ROUND TOWER A walk around the edge of Tower Hamlets
4) Island Gardens → Limehouse(2½ miles) [21 photos]
The western rim of the Isle of Dogs is part of the Thames Path, indeed from here to Teddington this National Trail can be followed on both sides of the river. The Thames is quite wide at this point, and not at its most exciting as it sweeps past Rotherhithe and Deptford. As such today's walk may have more to excite estate agents than sightseers, but bear with me, it has its moments. [map]
Island Gardens, at the foot of the Isle of Dogs, is also the point where the perimeter road changes its name from Manchester to Westferry. The riverside was once lined with berths and cranes: sequentially Midland Wharf, Livingstone Wharf, Felstead Wharf, Parry's Wharf, Locke's Wharf... and that's just the next 200 metres. It's all housing now, of course, plus one very 70s boathouse built on top of the terminus of the London and Blackwall Railway. The Ferry House claims to be the oldest pub on the island, although the building's changed a lot since 1722, and local residents are possibly more tempted by the Thai cocktail bar on the foreshore. From here the bend of the river is clearly seen, with Maritime Greenwich now fading into the distance and the occasional Thames Clipper or speedboat zipping through. Focus your eyes on the water here, because that's where all the interest is.
Exit from Tower Hamlets: Masthouse Terrace pier
Except Burrells Wharf is rather nice, as converted ironworks go. This residential cluster was once a shipyard, and it was here that the heaviest ship of the 19th century was built, Isambard Kingdom Brunel's SS Great Eastern. Clad in iron, this six-masted transatlantic liner was so long that it had to be launched sideways, a groundbreaking approach which nearly bankrupted its manufacturers. A sizeable chunk of the 1858 slipway remains, laid out as a wedge of parallel low wooden beams, adding a little wow factor to proceedings on the promenade. The other sight of note is across the water, the enormous iron-roofed Olympia Warehouse, part of the historic Deptford Dockyard and about the only building due to be retained when the whirlwind of residential redevelopment finally hits. Oh, and the City looks impressive from here, don't you think?
Before long the riverside housing on the Tower Hamlets bank becomes too self-important and the Thames Path is diverted back inland. This provides a useful opportunity to be reminded that there's another community here, living in former dockers terraces rather than modern highrise stacks. The fabulous building that looks like a brick pumping station is in fact a church, or was until 1989 when it was taken over by a community theatre called The Space (patron Sir Ian McKellen). Ahead the far end of Millwall Outer Dock abuts the main road, on which canoes and yachts are often seen, although for landlubbers the watersports centre blocks the view. And alongside is the huge West Ferry printworks, where the Telegraph, Express and Star used to be printed until Richard Desmond sold up in 2009, hence a printworks of the same name now graces an industrial estate in Luton.
It's a relief to eventually slip back to the river, beneath the silver and bronze turrets of New Atlas Wharf. Seven windmills once stood on the waterside along this stretch, hence the name 'Millwall'. The mills disappeared in the early 19th century, replaced by factories and workshops, whose owners eventually got tired of residents walking along the embankment so the right of way was sealed off. Only in the 1960s was a park laid out between declining wharves, reconnecting residents to the river, and now the Thames Path runs all the way. Major housing developments are named after the industrial features they replaced (Ocean Wharf), or else given aspirational names (Millennium Harbour, the Cascades) to make them sound less like interconnected boxes. Some quite peculiar apartment blocks with portholes and funnels now grace the shore, as was early Docklands' habit. But look out for one nod to a more humble past, a plaque commemorating 40 people killed by a direct hit on a bomb shelter at Bullivants Wharf (of which, more here).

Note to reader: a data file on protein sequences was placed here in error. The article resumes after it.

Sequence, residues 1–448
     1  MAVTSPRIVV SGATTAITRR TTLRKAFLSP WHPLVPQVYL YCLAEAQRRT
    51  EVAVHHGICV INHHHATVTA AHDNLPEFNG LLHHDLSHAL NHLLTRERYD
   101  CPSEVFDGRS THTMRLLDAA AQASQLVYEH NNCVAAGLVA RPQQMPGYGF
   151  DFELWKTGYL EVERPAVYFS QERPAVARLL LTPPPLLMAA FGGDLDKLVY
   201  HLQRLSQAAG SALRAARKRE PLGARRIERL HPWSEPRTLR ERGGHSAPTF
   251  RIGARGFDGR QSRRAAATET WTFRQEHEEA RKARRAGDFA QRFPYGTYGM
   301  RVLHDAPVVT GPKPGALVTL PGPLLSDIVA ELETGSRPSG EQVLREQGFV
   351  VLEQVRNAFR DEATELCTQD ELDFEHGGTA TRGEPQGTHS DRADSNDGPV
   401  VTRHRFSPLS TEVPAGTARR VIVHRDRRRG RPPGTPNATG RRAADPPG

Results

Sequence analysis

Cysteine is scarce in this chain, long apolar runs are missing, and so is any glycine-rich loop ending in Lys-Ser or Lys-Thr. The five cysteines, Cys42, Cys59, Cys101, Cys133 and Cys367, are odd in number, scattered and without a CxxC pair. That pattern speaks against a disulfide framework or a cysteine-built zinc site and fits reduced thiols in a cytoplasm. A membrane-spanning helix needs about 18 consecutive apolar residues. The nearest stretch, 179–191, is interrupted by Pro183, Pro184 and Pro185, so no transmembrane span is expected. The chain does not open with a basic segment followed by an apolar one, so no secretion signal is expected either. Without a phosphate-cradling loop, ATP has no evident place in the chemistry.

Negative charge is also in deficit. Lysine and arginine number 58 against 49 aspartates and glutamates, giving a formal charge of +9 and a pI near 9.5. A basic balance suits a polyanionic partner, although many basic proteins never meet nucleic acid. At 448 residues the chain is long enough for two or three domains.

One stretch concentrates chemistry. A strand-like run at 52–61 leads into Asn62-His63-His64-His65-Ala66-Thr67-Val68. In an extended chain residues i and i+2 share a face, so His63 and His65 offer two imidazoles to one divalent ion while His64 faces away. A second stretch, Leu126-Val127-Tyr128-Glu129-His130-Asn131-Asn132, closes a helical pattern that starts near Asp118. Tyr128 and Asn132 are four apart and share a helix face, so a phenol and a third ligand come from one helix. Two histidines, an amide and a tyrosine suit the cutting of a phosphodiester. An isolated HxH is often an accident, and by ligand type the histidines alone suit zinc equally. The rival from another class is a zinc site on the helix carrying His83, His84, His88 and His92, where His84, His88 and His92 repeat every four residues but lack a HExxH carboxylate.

Exit from Tower Hamlets: Jubilee line
After a good four miles my walk has finally returned to the neck of the island, the narrow strip across the top of Docklands where the towers of Canary Wharf reign supreme. To enter the promised land requires crossing a narrow channel, once the Lower Limehouse entrance to the great South Dock, now sealed by a strategically critical pumping station. A huge tract of land to the south of Westferry Circus remains somehow undeveloped, despite being prime skyscraper territory, and of considerable commercial interest. Investment bank J.P. Morgan & Co. are the current owners of the Riverside South site, which they flattened several years ago in readiness for building a new twin towered HQ, but then moved to new offices in the City instead. At least they've reopened a footpath along the river, saving a major detour, but it's a desolate slog.
Exit from Tower Hamlets: Canary Wharf Pier
Canary Riverside is not my kind of London. Options for financial workers at leisure include three waterside terrace restaurants (attempting atmosphere by erecting box hedges), a large hotel and a Virgin Active Health Club. If it weren't for the Thames Path, and the chance to catch a clipper from Canary Wharf pier, I'd be more than happy to avoid this commercially bland cultural vacuum. But I've always loved the balconies at Dundee Wharf, arranged in a tapered iron tower, and accessed via walkways from the flats with the best river views. Alongside is the short inlet of Limekiln Wharf, where quicklime was produced in medieval times and porcelain in the 17th century. Very much a silted sleepy backwater, it's hard to imagine that the Limehouse Link (the most expensive mile of road tunnel in Britain) runs directly underneath.